"All Keane was looking to do was draw a penalty, and try to get it into [Johansson's] hand," said Schmid. "He's a clever player, and he did well. By the same token, an intentional hand ball, is it taking away a goalscoring opportunity. What opportunity was there? There was no opportunity."

The relative quality of the opportunity is beside the point. All that matters is if an infraction took place, and along those lines Keane insisted he wasn't as clever as Schmid gave him credit for.

"It wasn't calculated," he said. "There's no way. You can't try to get a penalty in them situations. I was just trying to get the ball across. The referee gave a penalty; lucky for us."

Given how Seattle performed on the night, it was a bitterest of pills for the home side to swallow. The Sounders took the game to the Galaxy from the outset, and Eddie Johnson appeared to put the Sounders ahead in the 11th minute, only to have his effort wrongly ruled out for offside. That proved a mere respite, as Johnson latched onto Zach Scott's through ball a minute later, outmuscling Omar Gonzalez, and firing home past L.A. goalkeeper Josh Saunders.

Seattle remained well on top for the next 10 minutes, as L.A.'s central defensive duo of Gonzalez and Tommy Meyer looked very shaky. The absence of Landon Donovan, who was not even included in the 18-man roster because of a hamstring injury, was keenly felt, and the combination of wet conditions and the artificial surface hampered the Galaxy's efforts to control the tempo.

"If you watched the first 20 minutes, it was like we were playing on ice and they were playing on natural [grass]," said L.A. midfielder David Beckham. "It was very frantic, and they were passing the ball and keeping the ball and we wasn't. That's why we were putting ourselves in the situations and the troubles that we had."

But gradually the visitors gained a foothold in the game. Marcelo Sarvas dropped a bit deeper to help the Galaxy defense contain Johnson and Fredy Montero, and he began breaking up Seattle attacks and winning more loose balls as a result. That provided a platform for L.A. to begin stringing passes together and sustain more of an attack.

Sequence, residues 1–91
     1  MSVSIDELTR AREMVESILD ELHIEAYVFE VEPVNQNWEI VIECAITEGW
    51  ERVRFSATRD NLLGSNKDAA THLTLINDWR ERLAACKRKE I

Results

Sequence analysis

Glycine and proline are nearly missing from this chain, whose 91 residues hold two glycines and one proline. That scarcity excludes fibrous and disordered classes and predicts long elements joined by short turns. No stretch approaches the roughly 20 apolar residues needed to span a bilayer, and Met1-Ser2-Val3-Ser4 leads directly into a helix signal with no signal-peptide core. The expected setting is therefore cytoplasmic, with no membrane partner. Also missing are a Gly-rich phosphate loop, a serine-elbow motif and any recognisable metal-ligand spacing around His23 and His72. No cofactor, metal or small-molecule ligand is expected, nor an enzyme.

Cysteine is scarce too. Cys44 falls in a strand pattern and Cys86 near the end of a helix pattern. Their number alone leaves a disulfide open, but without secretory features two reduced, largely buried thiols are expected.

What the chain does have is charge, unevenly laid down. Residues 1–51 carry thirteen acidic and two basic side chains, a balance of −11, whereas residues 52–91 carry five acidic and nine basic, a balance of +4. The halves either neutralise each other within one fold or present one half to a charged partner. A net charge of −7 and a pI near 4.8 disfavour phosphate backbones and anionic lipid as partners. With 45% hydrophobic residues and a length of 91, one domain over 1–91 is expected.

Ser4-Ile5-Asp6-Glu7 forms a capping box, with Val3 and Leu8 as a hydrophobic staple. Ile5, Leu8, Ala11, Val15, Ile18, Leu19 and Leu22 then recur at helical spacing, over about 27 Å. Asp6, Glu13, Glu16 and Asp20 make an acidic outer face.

The second half saw Seattle reassert themselves, and when Scott scored off Christian Tiffert's 57th-minute corner kick with a glancing header, the Sounders seemed to have L.A. right where they wanted it. Then came Keane's moment of improvisation fused with good fortune, and with the insertion of Juninho in the 72nd minute bolstering L.A.'s midfield, the series was essentially over.

Not for everyone as it turned out. After the final whistle several Seattle players went over to remonstrate with Geiger, including Oswaldo Alonso, who was shown his second yellow card of the match, meaning he'll miss the first match of next season.

But when the Sounders' collective anger subsides, they'll no doubt come to the realization that this series was lost in the first leg, when a rampant L.A. side created the kind of cushion that only a perfect game could overcome. For that reason one can't begrudge the Galaxy advancing, although Arena was perfectly aware his team will need to show better than they did against an inspired Seattle side.

"We're back in the final, and hopefully we can have an improved performance from tonight, because the [Houston] team I saw play in D.C. today was a damn good team," he said.

With the Galaxy hosting the match, and with a two-week break allowing the champs ample time to heal up, a second consecutive MLS Cup is there for the taking.